Monday, January 01, 2007

For the Best Answer, Ask the Best Question

A subject of great interest to data mining novices is the selection of data mining software. Frequently these interests are expressed in terms of what is "the best" software to buy. On-line, such queries are often met with quick and eager responses (and not just from vendors). In a way, this mimics the much more common (and much more incendiary) question about which programming language is "the best".

Not withstanding myriad fast answers, the answer to such questions is, of course, "It depends". What is the problem you are trying to solve? What is your familiarity with any of the available alternatives? How large is your budget? How large is your budget for ongoing subscription costs? How do you intend to deploy the result of your data mining effort?

Vendors, naturally, have an incentive to emphasize any feature which they believe will move product. Some vendors are worse about this than others. Years ago, one neural network shell vendor touted the fact that their software used "32-bit math", without ever demonstrating the benefit of this feature. In truth, competing software, which ran 16-bit fixed-point arithmetic was much faster, gave accurate results, and did not require 32-bit hardware.

The problem of irrelevant features is exacerbated by the presence of individuals in the customer organization who buy into this stuff. Some use this as political leverage on their unaware peers. I attended in a vendor presentation once with a banking client in which one would-be expert asked whether the vendor's computers were SIMD or MIMD. This was like asking whether the vendor's cafeteria served this or that brand of coffee and could not have been less relevant to the conversation. The asking of such a question was clearly a power play and served only as a distraction.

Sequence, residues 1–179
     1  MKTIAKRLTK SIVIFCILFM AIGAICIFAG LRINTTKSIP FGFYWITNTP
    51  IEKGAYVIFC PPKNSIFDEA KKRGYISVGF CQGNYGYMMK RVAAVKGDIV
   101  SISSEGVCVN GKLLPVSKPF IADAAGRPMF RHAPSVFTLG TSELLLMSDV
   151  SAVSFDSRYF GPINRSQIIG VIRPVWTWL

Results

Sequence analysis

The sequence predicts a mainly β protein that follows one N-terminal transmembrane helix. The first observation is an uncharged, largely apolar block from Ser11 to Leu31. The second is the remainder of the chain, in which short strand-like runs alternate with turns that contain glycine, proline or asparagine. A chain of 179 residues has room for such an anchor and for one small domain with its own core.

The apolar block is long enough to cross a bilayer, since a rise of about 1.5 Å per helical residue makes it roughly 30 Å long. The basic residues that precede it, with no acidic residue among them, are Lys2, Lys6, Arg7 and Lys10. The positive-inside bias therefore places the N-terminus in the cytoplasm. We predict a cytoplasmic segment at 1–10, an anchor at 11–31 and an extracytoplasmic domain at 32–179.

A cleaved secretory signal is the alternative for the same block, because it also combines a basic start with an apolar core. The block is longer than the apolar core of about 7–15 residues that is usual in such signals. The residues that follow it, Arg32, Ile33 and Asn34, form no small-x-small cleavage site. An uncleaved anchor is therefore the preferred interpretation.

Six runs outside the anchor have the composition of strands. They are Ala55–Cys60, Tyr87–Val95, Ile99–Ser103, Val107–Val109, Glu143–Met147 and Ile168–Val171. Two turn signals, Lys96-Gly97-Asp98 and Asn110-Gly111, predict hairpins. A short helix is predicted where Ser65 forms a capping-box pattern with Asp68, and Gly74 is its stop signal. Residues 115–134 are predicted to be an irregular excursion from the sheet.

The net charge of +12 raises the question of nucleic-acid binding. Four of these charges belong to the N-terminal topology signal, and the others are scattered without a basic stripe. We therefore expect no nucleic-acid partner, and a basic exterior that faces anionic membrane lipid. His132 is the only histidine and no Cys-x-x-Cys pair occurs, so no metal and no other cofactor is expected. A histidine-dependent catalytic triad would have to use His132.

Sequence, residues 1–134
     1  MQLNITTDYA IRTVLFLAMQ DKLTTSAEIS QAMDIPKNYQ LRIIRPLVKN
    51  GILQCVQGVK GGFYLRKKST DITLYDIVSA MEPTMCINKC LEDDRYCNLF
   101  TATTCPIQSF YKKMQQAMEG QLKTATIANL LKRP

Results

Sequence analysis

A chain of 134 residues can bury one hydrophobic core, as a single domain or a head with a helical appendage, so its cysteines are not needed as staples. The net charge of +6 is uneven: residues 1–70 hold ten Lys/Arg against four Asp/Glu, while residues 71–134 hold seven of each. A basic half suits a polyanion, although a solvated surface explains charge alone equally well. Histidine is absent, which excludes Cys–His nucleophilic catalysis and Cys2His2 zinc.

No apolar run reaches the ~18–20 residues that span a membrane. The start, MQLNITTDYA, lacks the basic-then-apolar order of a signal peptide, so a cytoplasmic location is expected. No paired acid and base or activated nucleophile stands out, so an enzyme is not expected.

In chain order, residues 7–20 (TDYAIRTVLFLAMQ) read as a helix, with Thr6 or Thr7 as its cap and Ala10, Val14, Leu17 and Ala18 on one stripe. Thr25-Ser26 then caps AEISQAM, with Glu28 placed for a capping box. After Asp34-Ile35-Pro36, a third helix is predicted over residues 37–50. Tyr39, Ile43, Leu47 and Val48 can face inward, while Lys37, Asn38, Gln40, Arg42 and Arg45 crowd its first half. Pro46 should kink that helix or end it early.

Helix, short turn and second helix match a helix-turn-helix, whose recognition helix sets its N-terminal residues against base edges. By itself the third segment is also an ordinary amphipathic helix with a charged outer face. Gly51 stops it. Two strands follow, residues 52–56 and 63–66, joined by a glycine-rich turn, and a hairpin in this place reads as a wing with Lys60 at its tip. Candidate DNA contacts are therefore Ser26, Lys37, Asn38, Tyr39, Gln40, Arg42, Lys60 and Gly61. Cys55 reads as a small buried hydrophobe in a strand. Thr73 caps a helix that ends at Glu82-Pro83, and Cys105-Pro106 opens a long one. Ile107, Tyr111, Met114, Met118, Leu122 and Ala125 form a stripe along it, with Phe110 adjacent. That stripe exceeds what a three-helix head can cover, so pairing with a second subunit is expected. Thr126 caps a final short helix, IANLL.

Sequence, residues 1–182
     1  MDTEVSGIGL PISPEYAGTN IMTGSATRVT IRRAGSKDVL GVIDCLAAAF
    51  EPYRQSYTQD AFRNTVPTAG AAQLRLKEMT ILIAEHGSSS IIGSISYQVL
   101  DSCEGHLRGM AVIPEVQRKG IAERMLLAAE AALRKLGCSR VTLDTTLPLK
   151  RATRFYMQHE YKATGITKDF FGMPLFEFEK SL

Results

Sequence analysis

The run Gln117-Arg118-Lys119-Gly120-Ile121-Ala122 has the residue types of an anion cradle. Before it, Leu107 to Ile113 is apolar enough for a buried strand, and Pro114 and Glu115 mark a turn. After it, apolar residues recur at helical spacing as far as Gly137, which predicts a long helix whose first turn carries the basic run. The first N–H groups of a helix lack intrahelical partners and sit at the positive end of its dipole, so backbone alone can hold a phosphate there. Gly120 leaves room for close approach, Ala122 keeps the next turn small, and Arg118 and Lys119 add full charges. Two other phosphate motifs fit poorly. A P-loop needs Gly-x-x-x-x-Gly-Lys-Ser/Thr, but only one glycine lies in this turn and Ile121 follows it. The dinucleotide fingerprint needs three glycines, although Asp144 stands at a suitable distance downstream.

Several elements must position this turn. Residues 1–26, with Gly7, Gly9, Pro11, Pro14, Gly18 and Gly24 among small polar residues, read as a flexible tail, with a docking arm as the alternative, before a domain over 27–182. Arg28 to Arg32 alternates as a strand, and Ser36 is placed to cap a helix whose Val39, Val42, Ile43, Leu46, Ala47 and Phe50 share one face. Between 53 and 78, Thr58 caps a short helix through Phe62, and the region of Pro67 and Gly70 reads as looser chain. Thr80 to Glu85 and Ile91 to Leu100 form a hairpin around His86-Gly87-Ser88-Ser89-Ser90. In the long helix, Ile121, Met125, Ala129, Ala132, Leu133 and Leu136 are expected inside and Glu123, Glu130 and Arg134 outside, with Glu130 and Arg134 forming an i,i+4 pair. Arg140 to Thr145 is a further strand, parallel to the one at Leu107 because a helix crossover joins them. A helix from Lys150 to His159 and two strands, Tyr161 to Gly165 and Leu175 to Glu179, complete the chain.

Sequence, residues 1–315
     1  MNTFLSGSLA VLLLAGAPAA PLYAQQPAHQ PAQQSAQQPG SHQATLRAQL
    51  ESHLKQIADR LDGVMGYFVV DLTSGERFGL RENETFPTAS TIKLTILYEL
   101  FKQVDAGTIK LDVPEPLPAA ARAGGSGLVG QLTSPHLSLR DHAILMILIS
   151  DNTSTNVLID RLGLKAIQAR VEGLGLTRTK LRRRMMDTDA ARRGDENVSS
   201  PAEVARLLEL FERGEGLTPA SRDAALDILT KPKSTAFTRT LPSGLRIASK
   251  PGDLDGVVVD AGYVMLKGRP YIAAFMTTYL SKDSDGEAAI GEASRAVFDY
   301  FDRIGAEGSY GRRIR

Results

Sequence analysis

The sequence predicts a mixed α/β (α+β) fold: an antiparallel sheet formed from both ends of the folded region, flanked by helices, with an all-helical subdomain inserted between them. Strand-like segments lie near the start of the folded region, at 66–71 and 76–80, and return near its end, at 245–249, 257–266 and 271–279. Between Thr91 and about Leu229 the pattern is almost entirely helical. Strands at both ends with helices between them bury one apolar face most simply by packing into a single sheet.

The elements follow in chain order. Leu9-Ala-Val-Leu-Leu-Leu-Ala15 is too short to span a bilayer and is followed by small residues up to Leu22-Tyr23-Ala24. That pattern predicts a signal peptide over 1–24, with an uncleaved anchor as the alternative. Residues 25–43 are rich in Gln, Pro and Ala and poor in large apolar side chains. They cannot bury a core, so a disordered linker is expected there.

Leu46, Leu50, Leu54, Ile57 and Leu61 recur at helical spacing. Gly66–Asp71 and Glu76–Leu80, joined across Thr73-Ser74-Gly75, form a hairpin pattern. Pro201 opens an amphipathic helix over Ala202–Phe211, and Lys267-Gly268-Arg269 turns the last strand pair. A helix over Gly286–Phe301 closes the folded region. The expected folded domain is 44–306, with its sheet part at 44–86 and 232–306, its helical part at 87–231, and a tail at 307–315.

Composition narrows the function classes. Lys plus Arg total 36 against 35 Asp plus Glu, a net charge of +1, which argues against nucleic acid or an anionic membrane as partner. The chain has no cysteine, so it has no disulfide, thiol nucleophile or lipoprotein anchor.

When confronted with unfamiliar features, my recommendation is to ask as many questions as it takes to understand why said features are of benefit. Don't stop with the vendor. Ask associates at other firms what they know about the subject. Try on-line discussion groups. Keep asking "Why?" until you are satisfied. Joe Pesci's character in "My Cousin Vinny" is a good model: "Why does SIMD vs. MIMD matter?" "Is one better than the other?" "Exactly how is it better?" "Is it faster? How much faster?" "Does it cost more?" Remember that diligence is the responsibility of the customer.

Some things to consider when framing the question "What is the best data mining software for my purposes?":

-Up front software cost
-Up front hardware cost, if any
-Continuing software costs (subscription prices)
-Training time for users
-Algorithms which match your needs
-Effective data capacity in variables
-Effective data capacity in examples
-Testing capabilities
-Model deployment options (source code, libraries, etc.)
-Model deployment costs (licensing costs, if any)
-Ease of interface with your data sources
-Ability to deal with missing values, special values, outliers, etc.
-Data preparation capabilities (generation of derived or transformed variables)
-Automatic attribute selection / Data reduction

1 comment:

Dean Abbott said...

"It depends" is one of those answers that isn't very satisfying, but is often the most honest of answers. It is the answer I give to may questions in data mining, such as:

1) how much missing data in a field is too much?
2) what model is best?
3) which algorithm is best?
4) how much data should I use to build models?
5) how much data do I need to validate models?
6) how much correlation between fields is too much before throwing one of the two out?

And these are just a few.